I looked down at my foot— snugly cornered between the neoprene velcro-strap and the board. Oddly, time slowed as I watched myself hit the water; a movement that violently snapped my ankle in an unnatural 90 degree angle. Later, the urgent care nurses, doctors, and x-ray techs would ask if I heard the bone snap. I couldn’t tell them. I don’t know what I heard, but what I felt was the kind of feeling that takes you off of your feet, away from the office, and puts kiteboarding on hold for many months. I knew this moment was one to change everything.
The impact threw me forcefully into the shark infested and crisp ocean waters of Southern California. When my head bobbed above the surface, I screamed for my friend Adrien; who had been kiting close by. I was trying to think of what I needed to do next, but it was all I could do to breathe. Blurred thoughts to, “Fly your kite. You have to fly your kite. You can’t let yourself sink. Thank God you have people here,” found themselves intermingled amidst the shooting pain. I remember Adrien kiting up next to me, asking if I was hurt and nodding in response. He instructed me to fly my kite and explained that there were kiters waiting on the beach to catch me. I looked towards the shore to see the silhouettes of friends waving me forward. I found out later that most of the kiters— who had witnessed my frantic screaming and odd splashing— had thought I got bit by a shark. Thankfully, I didn’t befriend any sharks. A broken ankle is traumatic enough for a Monday afternoon.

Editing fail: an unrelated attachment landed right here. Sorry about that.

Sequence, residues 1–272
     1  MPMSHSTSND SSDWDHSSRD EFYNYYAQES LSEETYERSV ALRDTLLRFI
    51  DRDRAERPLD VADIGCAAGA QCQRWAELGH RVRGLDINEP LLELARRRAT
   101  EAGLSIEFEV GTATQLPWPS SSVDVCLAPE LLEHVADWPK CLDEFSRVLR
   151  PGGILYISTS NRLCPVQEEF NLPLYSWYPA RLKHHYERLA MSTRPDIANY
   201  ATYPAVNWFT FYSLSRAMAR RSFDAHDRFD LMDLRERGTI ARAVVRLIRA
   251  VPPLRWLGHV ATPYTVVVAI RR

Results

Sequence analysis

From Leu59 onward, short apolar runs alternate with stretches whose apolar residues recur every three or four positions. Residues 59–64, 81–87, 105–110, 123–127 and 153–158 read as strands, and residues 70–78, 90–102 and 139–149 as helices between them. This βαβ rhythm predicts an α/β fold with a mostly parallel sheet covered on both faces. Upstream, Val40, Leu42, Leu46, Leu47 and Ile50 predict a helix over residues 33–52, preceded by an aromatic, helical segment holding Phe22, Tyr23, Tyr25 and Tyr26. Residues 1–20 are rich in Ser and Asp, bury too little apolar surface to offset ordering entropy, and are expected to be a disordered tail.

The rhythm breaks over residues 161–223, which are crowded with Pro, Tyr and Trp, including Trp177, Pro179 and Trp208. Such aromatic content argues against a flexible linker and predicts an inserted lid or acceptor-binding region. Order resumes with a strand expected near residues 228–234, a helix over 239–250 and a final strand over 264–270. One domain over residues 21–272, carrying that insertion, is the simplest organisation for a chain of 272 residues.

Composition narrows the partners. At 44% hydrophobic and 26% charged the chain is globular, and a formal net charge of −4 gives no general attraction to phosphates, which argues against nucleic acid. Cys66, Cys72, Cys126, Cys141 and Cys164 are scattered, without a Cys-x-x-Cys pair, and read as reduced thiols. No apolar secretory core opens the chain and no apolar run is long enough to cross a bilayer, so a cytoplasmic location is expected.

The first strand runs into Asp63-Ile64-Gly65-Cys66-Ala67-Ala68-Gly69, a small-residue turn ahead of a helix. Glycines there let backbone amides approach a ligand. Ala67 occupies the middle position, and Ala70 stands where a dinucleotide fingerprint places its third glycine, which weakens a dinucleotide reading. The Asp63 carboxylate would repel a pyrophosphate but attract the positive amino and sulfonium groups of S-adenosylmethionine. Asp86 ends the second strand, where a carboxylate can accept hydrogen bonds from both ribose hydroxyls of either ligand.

Some could say I’m unlucky, and yes, breaking a bone is very unlucky and extremely inconvenient, but within this situation, I find myself grateful. Thankfully, I had people around to carry me across the beach, pack up my kite gear, and drive me to urgent care. Thankfully, my family was able to drive three hours to pick up my car and take me back to the farm. Miraculously, I don’t need surgery, have health insurance, and the injury is not to my hand (meaning I can still write). I can’t carry my own coffee while using my crutches, and I currently am a fair amount of responsibility, but there is good within the pain.
Want to know the latest secrets and
insider info of Flight Attendant Life?
Sign up for our newsletter!
There’s something gorgeous about people showing love and a tender touch— holding your hand and wiping the tears from your face— when you can’t do anything for yourself. When your humanity breaks through and there’s nothing you can do but accept kindness in your moment of extreme need; that is so irreplaceably beautiful. Although, I can’t go into much detail at this time regarding my career, I had reached my breaking point; crying every single day that I drove to and from my job. With feelings of being disrespected and discontent over being held-back at the forefront of my work life, I was desperately dreaming of an out. ‘If only I could have months and months of uninterrupted time to write on whatever I wanted. If only I could be free. If only they would let me do what I set out to do. If only they saw me for who I am instead of the work title I possess.’